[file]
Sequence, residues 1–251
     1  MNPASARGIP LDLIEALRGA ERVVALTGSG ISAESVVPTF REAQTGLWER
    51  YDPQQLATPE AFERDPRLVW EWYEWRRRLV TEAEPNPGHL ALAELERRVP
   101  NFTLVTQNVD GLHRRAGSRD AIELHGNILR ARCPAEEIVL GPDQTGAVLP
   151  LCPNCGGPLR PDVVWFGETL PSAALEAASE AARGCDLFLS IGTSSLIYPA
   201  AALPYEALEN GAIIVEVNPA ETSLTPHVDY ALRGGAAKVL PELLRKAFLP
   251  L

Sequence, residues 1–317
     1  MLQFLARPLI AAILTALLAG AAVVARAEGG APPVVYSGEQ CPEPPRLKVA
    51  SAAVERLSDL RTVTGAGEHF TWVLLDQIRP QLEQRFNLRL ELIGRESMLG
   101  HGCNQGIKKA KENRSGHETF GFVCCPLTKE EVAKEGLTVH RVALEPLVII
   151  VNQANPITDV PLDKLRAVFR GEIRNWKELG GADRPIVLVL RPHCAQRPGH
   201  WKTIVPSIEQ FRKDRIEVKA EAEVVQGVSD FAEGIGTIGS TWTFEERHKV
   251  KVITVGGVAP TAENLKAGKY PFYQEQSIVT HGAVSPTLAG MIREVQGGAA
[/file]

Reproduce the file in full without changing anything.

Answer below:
Sequence, residues 1–251
     1  MNPASARGIP LDLIEALRGA ERVVALTGSG ISAESVVPTF REAQTGLWER
    51  YDPQQLATPE AFERDPRLVW EWYEWRRRLV TEAEPNPGHL ALAELERRVP
   101  NFTLVTQNVD GLHRRAGSRD AIELHGNILR ARCPAEEIVL GPDQTGAVLP
   151  LCPNCGGPLR PDVVWFGETL PSAALEAASE AARGCDLFLS IGTSSLIYPA
   201  AALPYEALEN GAIIVEVNPA ETSLTPHVDY ALRGGAAKVL PELLRKAFLP
   251  L

Sequence, residues 1–317
     1  MLQFLARPLI AAILTALLAG AAVVARAEGG APPVVYSGEQ CPEPPRLKVA
    51  SAAVERLSDL RTVTGAGEHF TWVLLDQIRP QLEQRFNLRL ELIGRESMLG
   101  HGCNQGIKKA KENRSGHETF GFVCCPLTKE EVAKEGLTVH RVALEPLVII
   151  VNQANPITDV PLDKLRAVFR GEIRNWKELG GADRPIVLVL RPHCAQRPGH
   201  WKTIVPSIEQ FRKDRIEVKA EAEVVQGVSD FAEGIGTIGS TWTFEERHKV
   251  KVITVGGVAP TAENLKAGKY PFYQEQSIVT HGAVSPTLAG MIREVQGGAA